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Northern Thai Angered by “Insulting Lyrics” of Referendum Song



As part of that campaign, students from the military’s territorial defence programme are visiting public places, including markets and shopping malls, to persuade people to vote.

As part of the Juntas campaign, students from the Army hand propaganda from Army to persuade northern Thai people to vote.



CHIANG RAI – In an effort to unite Thais with a jaunty campaign song ahead of a key referendum vote has backfired after northerners bristled over “insulting lyrics” about their rural region, which has long felt looked down upon by the Bangkok-based elite.

The song is sponsored by Thailand’s election authorities, who are preparing for an August vote on a controversial constitution drafted by a military junta that seized power two years ago.

The catchy ditty, with the somewhat less catchy title “August 7 Referendum, Come Together for a Stable Democracy”, addresses each of Thailand’s geographical regions, which are split along the political divisions that have driven a decade of turmoil.

Coup supporters tend to dominate in Bangkok and the south, while backers of the ousted government are concentrated in the poorer north and northeast.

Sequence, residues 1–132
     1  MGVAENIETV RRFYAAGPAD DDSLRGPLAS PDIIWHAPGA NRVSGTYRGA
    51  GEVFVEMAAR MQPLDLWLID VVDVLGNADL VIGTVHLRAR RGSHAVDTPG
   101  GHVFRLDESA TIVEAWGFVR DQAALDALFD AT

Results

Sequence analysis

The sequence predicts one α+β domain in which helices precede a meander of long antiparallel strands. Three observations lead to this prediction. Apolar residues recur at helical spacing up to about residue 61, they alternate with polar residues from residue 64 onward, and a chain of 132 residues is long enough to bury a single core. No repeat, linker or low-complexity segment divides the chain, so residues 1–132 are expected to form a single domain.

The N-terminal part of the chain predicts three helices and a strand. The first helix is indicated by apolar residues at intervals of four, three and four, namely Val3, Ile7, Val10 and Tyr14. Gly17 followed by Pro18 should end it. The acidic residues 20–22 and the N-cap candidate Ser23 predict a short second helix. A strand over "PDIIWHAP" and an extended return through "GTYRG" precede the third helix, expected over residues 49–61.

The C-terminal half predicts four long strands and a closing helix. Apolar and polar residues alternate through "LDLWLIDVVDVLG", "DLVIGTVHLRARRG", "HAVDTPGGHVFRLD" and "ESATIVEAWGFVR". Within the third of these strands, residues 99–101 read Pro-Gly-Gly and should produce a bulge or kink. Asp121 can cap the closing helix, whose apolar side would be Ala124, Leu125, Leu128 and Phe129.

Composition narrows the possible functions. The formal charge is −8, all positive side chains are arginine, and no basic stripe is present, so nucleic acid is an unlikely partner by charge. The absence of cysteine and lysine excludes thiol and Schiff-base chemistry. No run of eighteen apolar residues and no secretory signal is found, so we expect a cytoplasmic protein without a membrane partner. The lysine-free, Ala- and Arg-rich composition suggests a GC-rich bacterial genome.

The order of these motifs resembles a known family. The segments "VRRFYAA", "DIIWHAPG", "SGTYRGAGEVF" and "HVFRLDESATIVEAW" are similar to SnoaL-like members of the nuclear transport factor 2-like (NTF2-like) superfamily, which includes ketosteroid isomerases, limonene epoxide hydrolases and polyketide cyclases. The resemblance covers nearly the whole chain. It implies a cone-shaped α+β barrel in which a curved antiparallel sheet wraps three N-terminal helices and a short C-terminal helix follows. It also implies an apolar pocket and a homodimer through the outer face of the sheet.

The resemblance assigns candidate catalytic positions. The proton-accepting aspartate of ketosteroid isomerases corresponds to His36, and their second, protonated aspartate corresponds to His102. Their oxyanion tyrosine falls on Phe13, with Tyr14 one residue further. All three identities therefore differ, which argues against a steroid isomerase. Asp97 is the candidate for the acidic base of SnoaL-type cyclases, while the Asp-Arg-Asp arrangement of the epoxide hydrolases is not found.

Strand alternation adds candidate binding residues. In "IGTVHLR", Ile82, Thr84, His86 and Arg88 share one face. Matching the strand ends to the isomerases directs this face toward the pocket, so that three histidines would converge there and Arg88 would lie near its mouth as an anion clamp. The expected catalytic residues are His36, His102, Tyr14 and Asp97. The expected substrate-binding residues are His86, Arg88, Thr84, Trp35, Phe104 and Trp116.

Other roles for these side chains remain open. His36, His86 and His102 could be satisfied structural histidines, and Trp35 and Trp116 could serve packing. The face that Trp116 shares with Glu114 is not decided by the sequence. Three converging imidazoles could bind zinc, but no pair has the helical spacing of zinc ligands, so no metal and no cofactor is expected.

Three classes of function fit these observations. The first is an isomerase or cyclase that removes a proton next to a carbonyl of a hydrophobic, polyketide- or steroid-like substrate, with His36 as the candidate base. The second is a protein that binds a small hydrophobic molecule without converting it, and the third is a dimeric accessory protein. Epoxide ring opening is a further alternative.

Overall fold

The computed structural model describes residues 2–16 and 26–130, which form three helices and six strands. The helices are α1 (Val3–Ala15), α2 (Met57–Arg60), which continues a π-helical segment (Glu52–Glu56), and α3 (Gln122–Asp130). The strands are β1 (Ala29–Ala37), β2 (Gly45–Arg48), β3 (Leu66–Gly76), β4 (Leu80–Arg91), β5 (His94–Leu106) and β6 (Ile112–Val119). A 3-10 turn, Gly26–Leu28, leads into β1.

The referendum tune, sung by a cast of country singers, singles out northern and northeastern Thais with calls to not “let anyone dictate” their votes.

In contrast southerners are given no such guidance and are simply described as people who “love democracy and freedom”.

The lyrics jar because of long-running accusations that poor northern rice farmers have been manipulated by populist ex-premier Thaksin Shinawatra — the billionaire whose powerful family has poured money into the region and drawn on its support to win every poll in the past decade.

Northeastern Thais in particular, who speak their own dialect and are ethnically close to their neighbours in Laos, are often dismissed in Bangkok and the south as ill-educated country bumpkins or “buffalos” — a Thai idiom for stupid people.

“The lyrics for the north and northeast regions hint that the people are like cattle and allow others to lead them,” Somkid Chuakong, a former politician from northeastern Thailand.

“Villagers sent me a clip of the song after they heard it and asked why they wrote a song that insults people,” he added.

Thailand’s election body waved off calls to amend the lyrics today.

“We will continue to use this campaign song,” election commissioner Prawit Rattanapien told Channel 3.

The song is unlikely to face any competition, as the junta has banned any non state-sanctioned campaigning ahead of the vote with up to 10 years in prison.

The law is only the latest restriction on free speech from the military government, which critics say have overwhelmingly targeted Shinawatra supporters.

It is not the first time the Thai junta has relied on music to spread its message.

A song composed after the 2014 coup by junta chief Prayuth Chan-ocha himself — called “Return Happiness to the People” — is still frequently played on radio and television.

He released another song in December as a new year gift for the Thai people.


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